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Commentary Last Updated: Jan 6th, 2010 - 01:00:45

What�s new in the British Police State?
By Josh Fulton
Online Journal Contributing Writer

Jan 6, 2010, 00:38

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We all know that Britain has the highest ratio of CCTV cameras to people in the world, but I want to take a closer look at some stories from within the past two months to see at what is going on right now.

British bus passengers could soon be forced to use electronic tags to get onto buses. This fits in with the British government�s move away from paper checks and toward an electronic system to be implemented by 2018. The best part of an electronic bus pass is that it will surely help prevent bus-based terrorism.

Britain is also making sure its schools are safe. Four-year-olds are being monitored for �radicalization� and 5-year-olds are being taught sexual education. After all, there is nothing worse than a sexually naive 5-year-old who is also a terrorist.

British school teachers have also been given the authority to frisk school children and search their school bags for drugs without consent, because we know how seriously Britain takes drug enforcement.

British schools have not only been protecting students against drugs, but they�ve also been protecting them against obesity. Students in Greater Manchester have been forced to walk to school rather than getting dropped off by their parents to help keep the students in shape. . . . Better hustle up, fatties, or we�ll take you away from your mothers! Just kidding, of course.

Britain isn�t only making sure its schools are safe. It�s making sure everywhere else is safe as well.

A few months ago, Britain started to put CCTV cameras into the homes of 20,000 �problem families� to make sure that the families raise their children correctly. This is good for keeping people safe indoors, but what about outdoors?

Well, luckily, the government has been going into the homes of willing citizens and placing CCTVs inside to be trained on the street to keep a watch for �anti-social behaviour.�

What about inside private establishments? Can we make them as safe as our homes? Well, luckily, now a pub can be closed down if it doesn�t have �sufficient� CCTV coverage. . . . And I was afraid I might actually be alone!

Also, if you are ever lonely, don�t worry, because new CCTV cameras have been outfitted with speakers so they can talk to you. . . . I want them to tell me how pretty I am!

The best thing about these CCTV cameras is that they�re cost-effective. In fact, the top-earning CCTV speeding camera takes in over �420 thousand in fines a year. No wonder people love them so much.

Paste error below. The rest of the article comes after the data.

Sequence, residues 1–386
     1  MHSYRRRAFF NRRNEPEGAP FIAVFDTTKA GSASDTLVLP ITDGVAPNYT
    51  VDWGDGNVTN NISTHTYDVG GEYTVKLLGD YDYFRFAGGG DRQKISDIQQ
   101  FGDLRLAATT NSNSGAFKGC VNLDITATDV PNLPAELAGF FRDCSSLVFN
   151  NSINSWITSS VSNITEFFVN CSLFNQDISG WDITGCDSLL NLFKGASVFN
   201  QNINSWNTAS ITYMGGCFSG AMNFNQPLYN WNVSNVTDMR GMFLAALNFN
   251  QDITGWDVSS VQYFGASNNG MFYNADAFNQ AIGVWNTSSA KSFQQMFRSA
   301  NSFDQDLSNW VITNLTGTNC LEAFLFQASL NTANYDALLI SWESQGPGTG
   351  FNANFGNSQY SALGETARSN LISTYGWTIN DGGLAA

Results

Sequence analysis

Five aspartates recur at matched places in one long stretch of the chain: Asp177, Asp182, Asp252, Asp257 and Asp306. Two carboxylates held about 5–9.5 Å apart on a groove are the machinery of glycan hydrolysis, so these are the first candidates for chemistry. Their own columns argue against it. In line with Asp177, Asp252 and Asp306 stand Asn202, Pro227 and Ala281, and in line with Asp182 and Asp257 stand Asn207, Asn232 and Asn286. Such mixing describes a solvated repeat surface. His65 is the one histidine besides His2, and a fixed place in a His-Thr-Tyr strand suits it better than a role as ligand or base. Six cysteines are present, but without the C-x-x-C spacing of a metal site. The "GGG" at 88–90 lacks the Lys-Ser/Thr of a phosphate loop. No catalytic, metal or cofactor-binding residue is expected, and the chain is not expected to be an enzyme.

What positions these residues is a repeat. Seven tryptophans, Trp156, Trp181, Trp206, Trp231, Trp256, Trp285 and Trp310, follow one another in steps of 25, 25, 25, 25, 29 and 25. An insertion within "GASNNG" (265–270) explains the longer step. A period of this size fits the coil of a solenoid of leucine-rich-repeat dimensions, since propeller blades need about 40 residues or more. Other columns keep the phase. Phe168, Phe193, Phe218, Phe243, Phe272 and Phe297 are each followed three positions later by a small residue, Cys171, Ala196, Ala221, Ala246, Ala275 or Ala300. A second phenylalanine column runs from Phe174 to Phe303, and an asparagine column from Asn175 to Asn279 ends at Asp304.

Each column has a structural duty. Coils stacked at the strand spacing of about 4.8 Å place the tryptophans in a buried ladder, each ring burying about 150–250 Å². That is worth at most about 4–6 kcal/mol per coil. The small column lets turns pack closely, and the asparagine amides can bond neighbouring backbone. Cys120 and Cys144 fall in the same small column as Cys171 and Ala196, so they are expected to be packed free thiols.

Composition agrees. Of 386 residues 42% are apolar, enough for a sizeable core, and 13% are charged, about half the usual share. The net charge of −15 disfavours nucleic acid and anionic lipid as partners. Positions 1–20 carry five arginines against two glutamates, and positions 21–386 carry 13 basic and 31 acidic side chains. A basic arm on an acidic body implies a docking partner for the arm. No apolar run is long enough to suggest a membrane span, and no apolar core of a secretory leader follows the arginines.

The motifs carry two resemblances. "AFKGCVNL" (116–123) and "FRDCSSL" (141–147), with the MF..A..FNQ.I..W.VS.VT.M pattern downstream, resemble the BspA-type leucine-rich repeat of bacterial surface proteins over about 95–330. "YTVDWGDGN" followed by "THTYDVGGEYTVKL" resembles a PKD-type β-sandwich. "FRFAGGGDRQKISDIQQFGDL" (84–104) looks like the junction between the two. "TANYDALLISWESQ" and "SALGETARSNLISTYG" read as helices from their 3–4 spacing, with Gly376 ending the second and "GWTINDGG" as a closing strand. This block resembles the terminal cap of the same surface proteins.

Of course, CCTV isn�t Britain�s only tool against crime, pre-crime, and legal drinking. Britain is also still capable of that �personal touch.� That is why they�ve given 20,000 town hall bureaucrats the power to enter homes without a warrant.

Reasons these bureaucrats can enter include: checking to make sure a house has an �eco-friendly� refrigerator, making sure a hedge is not too high, and making sure no �unregulated hypnotism� is taking place. . . . Regulated hypnotism, of course, is fine.

Cyberspace also got safer when Britain enlisted telecoms to help them spy on every phone call, email and web search British citizens make. This makes people safer because naturally now the government knows what they�re doing.

The information gathered will be available to such important agencies as local councils, the Financial Services Authority, the ambulance service, fire authorities and even prison governors. . . . Finally, ambulance drivers will know what our Google searches have been even if we�re unconscious!

The best news for the police state, however, has been that the criminal code has expanded. Since 1997, 3,000 criminal offenses have been created, 1,472 of which are imprisonable. The number of people over 50 entering the criminal justice system has also risen by almost 50 percent in eight years.

Not only has the criminal code expanded, but the people who have arrest powers has also expanded. In Norwich, mall cops can now arrest people. . . . Sorry, Grandpa, but now it looks like you really are going to have to get out of the massage chair.

Despite all these victories, the police state did suffered one setback during the last two months. Britain was collecting the names, dates of birth and passport details of every passenger entering into and exiting from the country well before they got to the airport, just like any good police state would. But then the EU, which after the ratification of the Treaty of Lisbon has authority to overrule member nations� criminal laws, disallowed it.

This truly is a monumental loss. Britain�s tyrannical authority has been overridden by another tyrannical authority. Why is it always thus to tyrants?

Don�t worry, Britain. As long as you exist as an independent country, however long that may be, we here in America will always have our eyes on you.

After all, we want to keep you safe.

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